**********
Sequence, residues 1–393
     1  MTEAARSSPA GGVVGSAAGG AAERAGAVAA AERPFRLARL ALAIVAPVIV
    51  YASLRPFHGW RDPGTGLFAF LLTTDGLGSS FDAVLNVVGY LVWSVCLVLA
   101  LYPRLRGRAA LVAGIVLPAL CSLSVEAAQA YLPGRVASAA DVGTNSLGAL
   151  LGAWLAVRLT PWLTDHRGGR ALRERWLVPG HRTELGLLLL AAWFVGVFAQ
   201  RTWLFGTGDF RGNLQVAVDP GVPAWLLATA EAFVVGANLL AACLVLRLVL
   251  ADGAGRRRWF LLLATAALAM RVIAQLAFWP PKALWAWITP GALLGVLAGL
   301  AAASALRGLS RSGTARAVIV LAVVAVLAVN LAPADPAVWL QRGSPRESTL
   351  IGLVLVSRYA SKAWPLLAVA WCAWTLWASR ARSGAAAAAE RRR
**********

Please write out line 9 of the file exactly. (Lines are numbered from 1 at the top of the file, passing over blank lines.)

   351  IGLVLVSRYA SKAWPLLAVA WCAWTLWASR ARSGAAAAAE RRR